Construction defect litigation is down, multifamily construction activity is up, and material costs appear to be rising at an accelerated rate.
The state of San Diego County's construction industry was the topic of a recent roundtable discussion at The Daily Transcript offices sponsored by Xpera Group.
"We are seeing much activity in the market," said Jerry Gammieri, American Assets Trust (NYSE: AAT) vice president of construction. "Multifamily is exploding everywhere."
Gammieri, whose real estate investment trust is heavily invested in both multifamily and retail assets and projects, said the fact there is so much construction in a county with such high barriers to entry is a testament to the strength of this market.
Scott Bedingfield, a principal with the commercial construction insurance firm of Cavignac & Associates, said the recent surge in construction followed eight years of pent-up demand.
"The public works came first and then the multifamily," Bedingfield said, adding that there are at least $1 billion worth of primarily multifamily projects in the pre-construction phase downtown.
Ted Bumgardner, president of the Xpera Group, a construction consulting and expert witness firm, said "our business has changed substantially within the past 12 months."
"Before, much more of our work was construction forensics and defect litigation. Now, we are seeing small and large commercial and for sale housing along with the multifamily, which has really accelerated within the past six months," Bumgardner said.
Mary Pendleton, a partner with the Ford Walker Haggerty & Behar LLP, civil litigation firm, said she also hasn't seen as much construction defect litigation work.
"People try to work things out," Pendleton said.
Erin Kennedy Clancy, an associate attorney with the civil litigation firm of Lorber Greenfield & Polito LLC, said her firm orchestrates monthly meetings "so as to avoid more problems down the road."
"And you have to get it into plain language," Pendleton added.
"You need to get involved with the contracts two years before you put a shovel in the ground," Bedingfield said.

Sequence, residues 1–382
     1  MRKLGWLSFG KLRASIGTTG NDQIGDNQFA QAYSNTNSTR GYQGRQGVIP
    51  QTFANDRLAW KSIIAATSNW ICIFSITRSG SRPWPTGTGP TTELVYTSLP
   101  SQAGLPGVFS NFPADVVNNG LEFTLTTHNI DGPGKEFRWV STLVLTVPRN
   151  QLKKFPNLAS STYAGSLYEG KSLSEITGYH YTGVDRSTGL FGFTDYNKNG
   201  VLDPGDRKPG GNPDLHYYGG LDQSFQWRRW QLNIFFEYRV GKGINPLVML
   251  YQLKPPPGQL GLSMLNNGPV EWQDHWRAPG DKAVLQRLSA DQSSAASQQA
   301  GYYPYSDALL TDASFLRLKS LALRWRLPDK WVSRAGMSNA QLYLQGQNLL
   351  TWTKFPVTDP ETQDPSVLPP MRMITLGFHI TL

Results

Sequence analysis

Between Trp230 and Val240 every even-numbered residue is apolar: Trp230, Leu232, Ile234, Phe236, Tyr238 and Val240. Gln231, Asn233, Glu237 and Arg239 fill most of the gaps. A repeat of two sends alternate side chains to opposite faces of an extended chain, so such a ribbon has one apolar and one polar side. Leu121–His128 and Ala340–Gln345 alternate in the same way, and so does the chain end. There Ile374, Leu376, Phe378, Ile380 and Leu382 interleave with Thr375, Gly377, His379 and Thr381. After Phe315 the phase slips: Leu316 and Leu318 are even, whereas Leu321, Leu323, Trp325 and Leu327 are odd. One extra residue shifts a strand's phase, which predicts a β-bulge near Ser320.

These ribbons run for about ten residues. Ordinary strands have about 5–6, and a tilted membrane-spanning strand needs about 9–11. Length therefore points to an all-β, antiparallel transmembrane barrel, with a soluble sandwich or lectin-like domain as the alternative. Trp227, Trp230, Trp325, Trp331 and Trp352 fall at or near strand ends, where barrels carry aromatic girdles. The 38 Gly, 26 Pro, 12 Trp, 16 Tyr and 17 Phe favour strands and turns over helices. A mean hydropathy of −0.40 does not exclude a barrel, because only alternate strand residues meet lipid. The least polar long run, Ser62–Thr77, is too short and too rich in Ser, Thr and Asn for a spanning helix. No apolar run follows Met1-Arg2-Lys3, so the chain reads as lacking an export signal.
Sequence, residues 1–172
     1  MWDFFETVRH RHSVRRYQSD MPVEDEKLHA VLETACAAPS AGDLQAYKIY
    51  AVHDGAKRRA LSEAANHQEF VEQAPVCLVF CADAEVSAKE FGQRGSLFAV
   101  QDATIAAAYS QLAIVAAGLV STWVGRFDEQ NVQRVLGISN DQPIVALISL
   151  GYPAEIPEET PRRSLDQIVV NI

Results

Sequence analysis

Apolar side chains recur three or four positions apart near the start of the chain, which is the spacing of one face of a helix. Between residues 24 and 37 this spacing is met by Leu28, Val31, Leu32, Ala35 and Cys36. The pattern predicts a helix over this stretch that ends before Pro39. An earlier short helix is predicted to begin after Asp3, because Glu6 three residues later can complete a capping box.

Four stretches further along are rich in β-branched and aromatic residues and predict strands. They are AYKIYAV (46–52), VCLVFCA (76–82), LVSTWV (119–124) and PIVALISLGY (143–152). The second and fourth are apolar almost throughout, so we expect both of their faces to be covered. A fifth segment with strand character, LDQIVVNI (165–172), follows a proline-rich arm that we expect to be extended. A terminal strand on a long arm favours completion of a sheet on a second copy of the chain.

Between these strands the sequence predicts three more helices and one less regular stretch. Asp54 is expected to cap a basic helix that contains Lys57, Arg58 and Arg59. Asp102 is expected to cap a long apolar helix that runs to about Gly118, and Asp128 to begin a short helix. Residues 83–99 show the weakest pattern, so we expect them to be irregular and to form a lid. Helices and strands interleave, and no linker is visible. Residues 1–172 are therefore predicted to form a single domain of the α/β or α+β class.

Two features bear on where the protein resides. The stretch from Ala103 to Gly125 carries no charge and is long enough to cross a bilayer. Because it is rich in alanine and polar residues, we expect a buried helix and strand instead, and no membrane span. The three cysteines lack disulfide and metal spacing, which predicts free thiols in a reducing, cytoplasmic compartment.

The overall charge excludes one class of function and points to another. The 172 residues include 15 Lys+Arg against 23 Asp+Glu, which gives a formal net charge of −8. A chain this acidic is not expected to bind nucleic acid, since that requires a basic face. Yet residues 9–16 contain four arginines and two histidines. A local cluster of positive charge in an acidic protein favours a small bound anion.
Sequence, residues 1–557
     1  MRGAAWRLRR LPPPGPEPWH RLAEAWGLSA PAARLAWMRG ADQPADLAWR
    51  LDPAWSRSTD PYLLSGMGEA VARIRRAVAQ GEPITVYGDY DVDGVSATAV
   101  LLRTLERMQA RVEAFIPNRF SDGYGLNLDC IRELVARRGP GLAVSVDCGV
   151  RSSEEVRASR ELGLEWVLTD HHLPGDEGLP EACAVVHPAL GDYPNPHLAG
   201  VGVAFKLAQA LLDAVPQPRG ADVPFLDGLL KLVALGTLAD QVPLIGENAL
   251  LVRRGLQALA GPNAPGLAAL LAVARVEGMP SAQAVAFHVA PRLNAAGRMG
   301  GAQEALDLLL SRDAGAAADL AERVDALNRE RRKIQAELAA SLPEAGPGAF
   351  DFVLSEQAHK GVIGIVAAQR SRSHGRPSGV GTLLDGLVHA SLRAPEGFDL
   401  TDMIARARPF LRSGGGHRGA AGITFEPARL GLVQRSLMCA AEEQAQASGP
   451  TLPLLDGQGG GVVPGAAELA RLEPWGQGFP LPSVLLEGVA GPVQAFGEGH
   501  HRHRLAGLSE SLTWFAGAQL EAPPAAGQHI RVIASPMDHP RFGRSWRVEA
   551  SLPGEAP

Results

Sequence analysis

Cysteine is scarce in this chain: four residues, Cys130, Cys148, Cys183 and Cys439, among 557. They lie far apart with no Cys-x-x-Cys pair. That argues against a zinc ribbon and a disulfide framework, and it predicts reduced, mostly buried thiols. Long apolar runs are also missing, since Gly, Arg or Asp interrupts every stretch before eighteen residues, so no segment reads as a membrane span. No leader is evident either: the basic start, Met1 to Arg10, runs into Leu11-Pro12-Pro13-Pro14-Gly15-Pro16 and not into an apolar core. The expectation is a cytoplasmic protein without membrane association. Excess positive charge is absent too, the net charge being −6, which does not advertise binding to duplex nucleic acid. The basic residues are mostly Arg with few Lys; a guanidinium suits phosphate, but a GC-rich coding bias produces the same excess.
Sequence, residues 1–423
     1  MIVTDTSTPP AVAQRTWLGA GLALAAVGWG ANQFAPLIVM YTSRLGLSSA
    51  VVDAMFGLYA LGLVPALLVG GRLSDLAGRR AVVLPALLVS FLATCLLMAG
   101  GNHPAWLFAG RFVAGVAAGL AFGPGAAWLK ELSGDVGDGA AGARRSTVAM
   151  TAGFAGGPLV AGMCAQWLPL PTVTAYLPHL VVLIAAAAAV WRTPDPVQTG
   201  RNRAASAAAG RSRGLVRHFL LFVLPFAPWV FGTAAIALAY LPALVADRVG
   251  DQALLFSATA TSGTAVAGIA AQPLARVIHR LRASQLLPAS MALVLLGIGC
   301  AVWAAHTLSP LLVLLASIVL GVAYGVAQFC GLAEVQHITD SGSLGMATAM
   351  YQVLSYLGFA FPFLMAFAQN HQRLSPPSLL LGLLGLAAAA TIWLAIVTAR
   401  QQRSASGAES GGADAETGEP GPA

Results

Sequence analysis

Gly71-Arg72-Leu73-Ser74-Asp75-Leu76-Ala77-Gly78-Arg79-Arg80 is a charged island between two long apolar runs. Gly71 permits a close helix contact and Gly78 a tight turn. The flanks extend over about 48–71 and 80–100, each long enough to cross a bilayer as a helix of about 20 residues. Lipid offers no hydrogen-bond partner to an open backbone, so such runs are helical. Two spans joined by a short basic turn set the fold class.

Bumgardner agreed that the focus has to be on pre-construction.
"You should have water-testing mockups and an iPad-based inspection system that transmits the data to the senior inspector without leaving the site," Bumgardner said.
As many condominium developers have learned, even these safeguards are no guarantee of a litigation-free project.
"Many are going to be sued no matter how much they focus on risk management," Kennedy Clancy said.
While construction litigation can have a chilling effect on condominiums, apartments keep coming out of the ground.
Jeff Bunker, president of contracting for multifamily builder The Wermers Co., said not only is there a plethora of new multifamily projects, "there is an amenities arms race to see who has the best development."
Alan Nevin, Xpera Group economic and research director, said he doesn't expect these luxury apartment projects to remain as rentals forever.
"These developers are building future (condominium) conversions," Nevin said.
Whether these units will be apartments or condominiums, Brian Cahill, Balfour Beatty Construction division president, said that "millenials can't afford houses and they want to be downtown."
Cahill said he knows of at least 7,000 units in the planning stages in downtown San Diego and that it might not be enough.
"The millenials are coming and they are pushing the baby boomers out," Cahill said.
Nevin, who is tracking as many as 20,000 rental units that are either under construction or in the pipeline around the county, said while affordable units are being built and luxury apartments are going up, apartments aren't being built for those who live in the middle.
"The problem isn't so much that we haven't built enough apartments, it is that we're not building enough Class B Apartments," Nevin said, adding that high fees and land costs make such a project virtually impossible.
Both Cahill and Bunker noted that regardless of whether there will still be an apartment surplus or shortage, finding subcontractors for these projects hasn't been easy.
"They are hard to get a hold of and that's driving prices up," Bunker said.
Cahill said a major reason there is a shortage of subcontractors is young people simply aren't getting into the construction field, which creates a major problem since it takes years to gain the required experience.
"I was shocked to see that we're already seeing labor shortages," Bumgardner added. "Substantial shortages exist for a technically competent workforce."
"We have contemplated hiring subcontractors directly," Bunker said. "Finding framing people got really difficult."
Nevin said there is a huge experience and generational gap in construction.
"Either they are unskilled kids or they are over 50," Nevin said.
Bunker said that what is making things even more difficult is about a 20 percent increase in cost for wood framing.
"Framing went from $15 to $20 percent a foot overnight," Bunker said.
Sean Allen, Partner, Lorber Greenfield & Polito LLC
Scott Bedingfield, Principal, Cavignac & Associates
Ted Bumgardner, President, Xpera Group (roundtable sponsor)
Jeff Bunker, President of Contracting, Wermers Multi-Family Corporation
Brian Cahill, Southwest Division President, Balfour Beatty Construction
Jerry Gammieri, Vice President, American Assets Construction
Erin Kennedy Clancy, Associate, Lorber Greenfield & Polito LLC
Alan Nevin, Director of Economic & Market Research, Xpera Group
Mary Pendleton, Partner, Ford Walker Haggerty & Behar LLP